I also very much enjoyed Salt & Fat’s turkey guide. We’re not brining, mostly because I’ve had lots of delicious non-brined turkeys and it’s labor-intesive, but I now want to try a dry brine. I’ve heard others mention it, but Jim’s post pushed me over the edge.
I’ll admit, I didn’t realize until well after seeing The Social Network that the Winklevi were actually one person. I felt dumb. Just showing one twin at a time is easy, but I still didn’t understand how they did two. Then I searched around it’s kind of mind-blowing.
Hammer played the main twin in each shot. For shots that included both twins at the same time, Pence stood in for the second twin; Hammer later went into a studio, where he strapped his head into a harness to film that twin’s face and voice, which was then digitally superimposed over Pence’s face in the film. The result is a sort of hybrid actor with Hammer’s head and Pence’s body.
That sounds creepy and entirely unnecessary. Apparently David Fincher’s exacting detail went beyond just clothing. On the other hand, reading this quote makes me realize it’s not the easiest of tasks.
For a long time, I held out for this idea that we were going to find two 6’5â€³ 220-pound scullers who were going to be able to act.
Fine, you win this round Fincher, but it doesn’t make up for the ridiculous CGI sequences in Panic Room.
Whether one’s readership is large or small, intentions professional or personal, time boundless or abbreviated, it’s a person’s responsibility to give context where appropriate. If there are rules, that’s one I believe in. One that I should follow. And that’s integrity.
Here at Capn Design, I plan to follow this edict. A beautiful photo is great, but paired with a personal story it brings us a little closer together. It’s also more fun to write.
I’m also going to make an effort to post more regularly. I ran a TypePad Meetup in New York last night, and I was talking to a couple bloggers about how to get and keep a following. There’s a lot more to it, but I think it boils down to this:
Have a voice.
To be clear, I don’t have grand ambitions for my blog, but it’ll be good to write more regularly and to put this theory to the test. I’m going to start slowly and try to post something, however small, once a day. I’m also going to post at least one non-quick-post once a week. Like I said, I’m starting small.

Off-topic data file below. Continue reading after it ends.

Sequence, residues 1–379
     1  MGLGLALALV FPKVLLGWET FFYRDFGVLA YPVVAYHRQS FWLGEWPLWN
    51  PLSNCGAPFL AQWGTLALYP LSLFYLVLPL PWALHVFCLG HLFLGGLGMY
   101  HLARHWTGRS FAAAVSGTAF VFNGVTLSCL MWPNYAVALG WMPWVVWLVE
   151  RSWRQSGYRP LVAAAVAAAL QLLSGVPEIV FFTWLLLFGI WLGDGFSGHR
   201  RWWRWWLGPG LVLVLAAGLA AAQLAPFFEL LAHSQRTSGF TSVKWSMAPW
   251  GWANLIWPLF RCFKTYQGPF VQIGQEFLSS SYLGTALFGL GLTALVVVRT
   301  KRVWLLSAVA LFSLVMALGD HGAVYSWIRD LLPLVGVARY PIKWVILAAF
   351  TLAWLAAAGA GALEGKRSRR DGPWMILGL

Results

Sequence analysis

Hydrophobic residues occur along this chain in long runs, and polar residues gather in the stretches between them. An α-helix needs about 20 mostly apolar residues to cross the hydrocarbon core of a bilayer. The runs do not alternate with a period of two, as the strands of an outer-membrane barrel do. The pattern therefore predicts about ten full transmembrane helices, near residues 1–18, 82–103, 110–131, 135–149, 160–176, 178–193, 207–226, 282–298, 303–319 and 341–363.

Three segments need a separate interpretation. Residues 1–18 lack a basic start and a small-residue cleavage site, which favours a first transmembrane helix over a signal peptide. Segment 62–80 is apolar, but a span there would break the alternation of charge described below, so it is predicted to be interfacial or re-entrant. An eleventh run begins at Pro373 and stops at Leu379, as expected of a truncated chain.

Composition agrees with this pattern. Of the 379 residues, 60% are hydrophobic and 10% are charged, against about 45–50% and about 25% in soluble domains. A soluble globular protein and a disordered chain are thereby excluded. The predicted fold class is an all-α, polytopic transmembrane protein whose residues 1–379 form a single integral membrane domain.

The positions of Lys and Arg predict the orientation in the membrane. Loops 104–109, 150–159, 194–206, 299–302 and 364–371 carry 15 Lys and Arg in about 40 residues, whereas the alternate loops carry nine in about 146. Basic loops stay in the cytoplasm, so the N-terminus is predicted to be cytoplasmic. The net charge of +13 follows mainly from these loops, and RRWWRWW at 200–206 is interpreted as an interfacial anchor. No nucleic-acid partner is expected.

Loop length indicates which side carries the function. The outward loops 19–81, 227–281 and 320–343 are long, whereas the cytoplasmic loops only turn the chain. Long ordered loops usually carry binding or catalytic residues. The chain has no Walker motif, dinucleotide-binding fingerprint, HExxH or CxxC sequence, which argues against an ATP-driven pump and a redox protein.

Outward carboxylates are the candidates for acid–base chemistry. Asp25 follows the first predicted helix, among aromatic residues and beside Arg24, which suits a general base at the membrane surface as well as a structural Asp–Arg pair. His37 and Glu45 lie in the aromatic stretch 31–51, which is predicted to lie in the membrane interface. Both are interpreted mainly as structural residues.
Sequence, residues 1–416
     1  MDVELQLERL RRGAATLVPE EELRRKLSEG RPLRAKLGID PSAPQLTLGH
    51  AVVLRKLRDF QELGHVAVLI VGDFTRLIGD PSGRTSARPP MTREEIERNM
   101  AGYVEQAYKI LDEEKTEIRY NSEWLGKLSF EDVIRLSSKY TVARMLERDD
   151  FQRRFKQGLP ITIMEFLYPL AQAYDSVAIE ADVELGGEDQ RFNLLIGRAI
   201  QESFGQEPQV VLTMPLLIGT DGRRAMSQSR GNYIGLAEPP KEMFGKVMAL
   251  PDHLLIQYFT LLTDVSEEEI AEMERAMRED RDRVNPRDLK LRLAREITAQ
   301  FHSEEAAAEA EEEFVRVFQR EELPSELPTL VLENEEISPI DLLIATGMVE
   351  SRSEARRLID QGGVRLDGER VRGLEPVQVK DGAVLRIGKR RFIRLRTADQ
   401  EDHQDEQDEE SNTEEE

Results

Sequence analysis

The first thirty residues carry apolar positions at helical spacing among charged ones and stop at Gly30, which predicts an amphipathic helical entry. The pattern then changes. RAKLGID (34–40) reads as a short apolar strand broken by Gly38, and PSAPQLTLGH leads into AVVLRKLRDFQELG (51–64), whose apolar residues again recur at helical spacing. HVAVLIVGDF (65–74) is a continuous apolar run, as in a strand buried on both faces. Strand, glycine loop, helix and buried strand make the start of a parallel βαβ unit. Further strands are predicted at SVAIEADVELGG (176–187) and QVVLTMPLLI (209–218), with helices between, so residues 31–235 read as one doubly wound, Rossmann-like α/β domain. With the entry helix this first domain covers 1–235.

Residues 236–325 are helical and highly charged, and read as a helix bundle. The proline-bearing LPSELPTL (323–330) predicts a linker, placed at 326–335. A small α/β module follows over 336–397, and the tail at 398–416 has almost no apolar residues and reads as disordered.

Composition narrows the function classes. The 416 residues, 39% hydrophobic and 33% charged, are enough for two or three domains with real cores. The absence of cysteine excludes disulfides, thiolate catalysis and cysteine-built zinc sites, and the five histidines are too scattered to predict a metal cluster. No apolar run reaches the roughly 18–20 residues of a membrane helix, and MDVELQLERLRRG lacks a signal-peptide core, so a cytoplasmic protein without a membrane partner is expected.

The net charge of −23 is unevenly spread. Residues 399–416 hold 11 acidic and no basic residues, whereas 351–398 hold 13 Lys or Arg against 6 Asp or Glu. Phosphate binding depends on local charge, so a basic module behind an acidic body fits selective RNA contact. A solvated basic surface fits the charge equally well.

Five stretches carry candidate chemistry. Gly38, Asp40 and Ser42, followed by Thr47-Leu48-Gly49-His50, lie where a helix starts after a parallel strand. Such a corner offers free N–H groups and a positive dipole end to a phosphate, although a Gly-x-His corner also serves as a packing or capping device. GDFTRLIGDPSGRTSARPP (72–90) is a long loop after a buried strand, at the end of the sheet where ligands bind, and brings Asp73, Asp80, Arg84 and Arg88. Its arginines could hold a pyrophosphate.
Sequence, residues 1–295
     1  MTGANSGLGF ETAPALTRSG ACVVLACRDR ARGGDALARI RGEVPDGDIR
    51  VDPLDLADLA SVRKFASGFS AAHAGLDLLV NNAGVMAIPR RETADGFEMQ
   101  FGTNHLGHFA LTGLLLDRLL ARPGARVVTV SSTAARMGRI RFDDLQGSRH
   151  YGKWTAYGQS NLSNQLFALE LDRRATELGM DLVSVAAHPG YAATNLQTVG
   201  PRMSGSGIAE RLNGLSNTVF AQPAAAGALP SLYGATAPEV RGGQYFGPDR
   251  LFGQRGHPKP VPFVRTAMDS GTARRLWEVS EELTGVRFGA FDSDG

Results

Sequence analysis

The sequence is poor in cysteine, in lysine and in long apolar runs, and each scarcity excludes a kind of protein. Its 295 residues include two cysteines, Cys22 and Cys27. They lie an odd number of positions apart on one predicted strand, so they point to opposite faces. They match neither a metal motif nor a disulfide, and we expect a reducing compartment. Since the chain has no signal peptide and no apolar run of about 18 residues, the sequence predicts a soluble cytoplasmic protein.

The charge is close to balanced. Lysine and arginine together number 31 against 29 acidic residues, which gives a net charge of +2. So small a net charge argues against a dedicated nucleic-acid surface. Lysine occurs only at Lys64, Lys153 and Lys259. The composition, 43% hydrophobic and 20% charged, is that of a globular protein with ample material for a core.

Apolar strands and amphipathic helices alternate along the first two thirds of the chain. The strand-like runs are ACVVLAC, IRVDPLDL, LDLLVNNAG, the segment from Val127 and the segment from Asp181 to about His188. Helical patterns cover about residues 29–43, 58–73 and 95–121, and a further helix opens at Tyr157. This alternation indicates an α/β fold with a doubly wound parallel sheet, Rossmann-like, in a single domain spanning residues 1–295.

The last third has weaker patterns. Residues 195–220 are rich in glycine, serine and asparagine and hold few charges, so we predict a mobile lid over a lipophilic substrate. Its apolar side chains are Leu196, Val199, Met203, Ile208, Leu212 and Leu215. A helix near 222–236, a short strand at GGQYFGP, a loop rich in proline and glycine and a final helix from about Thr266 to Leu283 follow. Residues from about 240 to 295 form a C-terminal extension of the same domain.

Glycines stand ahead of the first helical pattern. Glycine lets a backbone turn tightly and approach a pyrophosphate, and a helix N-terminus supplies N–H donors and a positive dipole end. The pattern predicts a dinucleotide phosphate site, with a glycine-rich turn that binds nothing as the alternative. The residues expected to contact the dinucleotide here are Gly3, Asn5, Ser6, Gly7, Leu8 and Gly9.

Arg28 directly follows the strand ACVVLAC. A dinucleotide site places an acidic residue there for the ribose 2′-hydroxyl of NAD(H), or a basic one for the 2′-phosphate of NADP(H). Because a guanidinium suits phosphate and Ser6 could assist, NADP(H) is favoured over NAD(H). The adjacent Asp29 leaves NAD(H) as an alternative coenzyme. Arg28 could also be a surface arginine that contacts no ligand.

In the last few months, I’ve been trying out different sign-offs. Sometimes I use “Cheers”, once or twice I used “Best”, but I typically don’t use anything. Family is easy because I just use “Love”. I just can’t find something that feels right.
Unfortunately, Judith Newman isn’t much help. Fortunately, she feels my pain.
In a medium where it is often oddly difficult to interpret tone, where the lines of friendship, love and business are easily muddied, and where people are sometimes a little too eager to shine brightly in the drab sludge of daily missives, something as seemingly trivial as an e-mail signoff can loom large. It can be a clue to both the personality of the sender and the standing that the recipient has in the sender’s social universe. It can enlighten, amuse and enrage — sometimes all at once.
I think I need a Google Labs feature for Gmail that suggests a sign-off based on the content.
I’m not a fan of security theater, but that’s primarily because it’s an inconvenience. I don’t feel a lot safer and inexperienced travelers gum up the works. It turns out, there are real dangers to all of our additional protections. In addition to having a negative effect on how often people travel, it is killing us.
According to the Cornell study, roughly 130 inconvenienced travelers died every three months as a result of additional traffic fatalities brought on by substituting ground transit for air transit. That’s the equivalent of four fully-loaded Boeing 737s crashing each year.
Noah Silver also makes an interesting parallel with Chicago’s police cameras.
[T]hey are deliberately designed to be conspicuous, since the cameras are accompanied by extremely vibrant blue police lights — and they may well decrease crime. But they only appear in marginal neighborhoods that were susceptible to high crime rates to begin with. The explicit message is that the Chicago Police Department is doing what it can to keep everyone safe. The implicit message is that it is doing so because this is a really dangerous neighborhood — and perhaps you should be buying your condo, or planning your wedding reception, somewhere else.
I’m hopeful that the TSA rethinks their approach and starts addressing how their oftentimes reactive plans negatively affect the air travel ecosystem and the health of its customers.